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Necora puber , also known as the velvet swimming crab, may not be as soft as the name implies. The crab's red eyes and aggressive nature have resulted in a second nickname, devil's crab . As if it...
Two years ago last week, on April 20, 2010, an explosion on the oil-drilling rig Deepwater Horizon caused the largest marine oil spill in history , gushing nearly 5 million barrels of crude oil over...
The open ocean is surprisingly barren to the naked eye. Every now and again you will encounter a school of fish and their attendant predators, but most of the life that you find is gathered around...
Giant anemone. More about mangrove ecosystems can be found in the Mangroves section .
The long silver tool shown here is a piece of traditional Australian fishing gear called a “yabbie pump.” Researchers use the device to collect burrowing shrimp and other fast-moving animals from the...
What can students do to help the ocean? It turns out, a lot! These students from Alabama are among dozens from the U.S. and Mexico who are developing action plans on ocean and climate-related issues...
What can students do to help the ocean? It turns out, a lot! These students from across the United States and Mexico are developing action plans on ocean and climate-related issues in their local...
We drove down a long dirt road on the northern side of Curaçao looking for a remote place to snorkel and sample. After a 30-minute bumpy ride, our team stepped out of the car into a breeze and the...
A scientist, Chris Reddy from Woods Hole Oceanographic Institution, collects oil-laden "sand patties" on a Louisiana beach two years after the oil spill. Watch a video of Chris Reddy talking about...
Arching mangrove roots like these help keep trunks upright in the soft sediments at water’s edge. More about mangroves can be found in our Mangroves featured story .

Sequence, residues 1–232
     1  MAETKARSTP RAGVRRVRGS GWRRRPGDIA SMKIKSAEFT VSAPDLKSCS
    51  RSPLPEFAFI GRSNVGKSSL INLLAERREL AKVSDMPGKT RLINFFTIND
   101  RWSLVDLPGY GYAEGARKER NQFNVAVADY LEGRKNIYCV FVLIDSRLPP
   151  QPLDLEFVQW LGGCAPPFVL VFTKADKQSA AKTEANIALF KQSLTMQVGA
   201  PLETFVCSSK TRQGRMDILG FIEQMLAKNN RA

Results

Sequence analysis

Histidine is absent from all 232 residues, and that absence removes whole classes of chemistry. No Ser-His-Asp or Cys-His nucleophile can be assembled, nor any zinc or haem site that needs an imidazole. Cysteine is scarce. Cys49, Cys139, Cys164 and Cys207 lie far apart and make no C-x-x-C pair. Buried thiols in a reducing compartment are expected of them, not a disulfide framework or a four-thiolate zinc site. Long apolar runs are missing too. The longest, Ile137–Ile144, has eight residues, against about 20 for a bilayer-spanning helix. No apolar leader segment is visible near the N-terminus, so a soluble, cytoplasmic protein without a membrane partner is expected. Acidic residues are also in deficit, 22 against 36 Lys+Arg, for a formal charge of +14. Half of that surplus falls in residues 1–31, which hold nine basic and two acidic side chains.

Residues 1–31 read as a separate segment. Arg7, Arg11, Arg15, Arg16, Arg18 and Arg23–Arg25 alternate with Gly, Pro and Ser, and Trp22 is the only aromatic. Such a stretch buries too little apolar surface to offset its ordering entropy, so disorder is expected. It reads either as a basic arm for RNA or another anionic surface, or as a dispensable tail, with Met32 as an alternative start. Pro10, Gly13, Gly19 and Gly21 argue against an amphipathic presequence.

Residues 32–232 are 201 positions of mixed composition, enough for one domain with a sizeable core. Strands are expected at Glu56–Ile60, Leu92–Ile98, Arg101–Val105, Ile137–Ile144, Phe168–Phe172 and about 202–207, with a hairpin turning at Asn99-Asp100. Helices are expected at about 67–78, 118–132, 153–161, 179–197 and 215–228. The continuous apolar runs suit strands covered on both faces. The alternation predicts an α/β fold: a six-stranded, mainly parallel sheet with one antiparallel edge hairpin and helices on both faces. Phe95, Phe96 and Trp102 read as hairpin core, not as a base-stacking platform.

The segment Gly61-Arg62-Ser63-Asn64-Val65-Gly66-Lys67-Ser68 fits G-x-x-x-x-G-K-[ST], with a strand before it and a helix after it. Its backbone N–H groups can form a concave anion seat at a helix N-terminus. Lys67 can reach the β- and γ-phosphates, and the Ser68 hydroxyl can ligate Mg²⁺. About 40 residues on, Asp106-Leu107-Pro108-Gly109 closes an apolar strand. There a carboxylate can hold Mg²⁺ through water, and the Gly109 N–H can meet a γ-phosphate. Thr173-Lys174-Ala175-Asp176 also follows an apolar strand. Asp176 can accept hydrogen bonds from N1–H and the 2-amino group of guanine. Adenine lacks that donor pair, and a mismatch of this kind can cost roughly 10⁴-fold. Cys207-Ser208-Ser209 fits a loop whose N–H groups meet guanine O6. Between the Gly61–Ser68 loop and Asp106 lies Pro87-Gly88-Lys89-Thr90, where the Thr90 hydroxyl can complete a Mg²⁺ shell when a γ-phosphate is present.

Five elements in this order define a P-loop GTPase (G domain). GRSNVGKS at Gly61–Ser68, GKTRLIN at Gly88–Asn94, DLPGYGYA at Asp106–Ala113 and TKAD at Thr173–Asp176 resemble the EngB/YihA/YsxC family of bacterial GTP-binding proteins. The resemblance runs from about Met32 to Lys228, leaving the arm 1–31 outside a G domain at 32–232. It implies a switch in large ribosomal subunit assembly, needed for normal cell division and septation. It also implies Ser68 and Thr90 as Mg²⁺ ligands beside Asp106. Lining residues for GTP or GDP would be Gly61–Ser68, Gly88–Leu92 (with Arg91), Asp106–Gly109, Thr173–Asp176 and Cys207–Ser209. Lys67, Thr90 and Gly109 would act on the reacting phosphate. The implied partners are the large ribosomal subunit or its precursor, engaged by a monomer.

Melissa Frey, Encyclopedia of Life (EOL) Rubenstein Fellow, examines a Pacific oyster ( Crassostrea gigas ) on a chilly day in Sidney, British Columbia. In addition to holding an EOL Fellowship ,...
This creek lined with mangroves is located near the Smithsonian Institution’s field station in Bocas del Toro , Panama. The tangled roots support an amazing array of life. Learn m ore about mangroves...
Around 100 million years ago, grass from land adapted to live and reproduce while submerged in seawater—the modern-day seagrasses. This sea invasion by land plants happened four separate times,...
The blue-lined octopus may be small, growing to at most 15 cm, but it can be deadly: its venom can cause breathing failure in humans as well as other animals. Turtles can accidentally consume the...
The ocean sustains land animals besides humans. Here, a fox looks for a meal at low tide on the Arctic Peninsula. When the tide goes out, it leaves behind tidepools full of tasty snacks for foxes and...
When they get larger, Portunus sayi are formidable predators, quick to consume any smaller animal that comes within reach. Fish, other crustaceans, and even smaller members of their own species are...
“The largest land migration of any animal on Earth, as many as 120 million crabs carpet the island in red as they move from the rain forest to the coast.” -- Nature's Best photographer, Stephen...
Squids, octopuses and cuttlefish, such as this Australian Giant Cuttlefish ( Sepia apama ), compose just one group of animals that call seagrass beds home. Clams and worms bury themselves in the mud...
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